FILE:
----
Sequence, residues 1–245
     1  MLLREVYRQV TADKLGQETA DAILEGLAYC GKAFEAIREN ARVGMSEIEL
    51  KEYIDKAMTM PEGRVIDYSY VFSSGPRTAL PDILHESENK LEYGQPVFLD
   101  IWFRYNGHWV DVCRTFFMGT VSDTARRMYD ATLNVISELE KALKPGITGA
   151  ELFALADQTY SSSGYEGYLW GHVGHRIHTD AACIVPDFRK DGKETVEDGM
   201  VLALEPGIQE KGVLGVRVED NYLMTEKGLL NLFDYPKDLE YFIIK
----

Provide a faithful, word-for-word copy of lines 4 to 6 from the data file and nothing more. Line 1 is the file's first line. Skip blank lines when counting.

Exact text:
   101  IWFRYNGHWV DVCRTFFMGT VSDTARRMYD ATLNVISELE KALKPGITGA
   151  ELFALADQTY SSSGYEGYLW GHVGHRIHTD AACIVPDFRK DGKETVEDGM
   201  VLALEPGIQE KGVLGVRVED NYLMTEKGLL NLFDYPKDLE YFIIK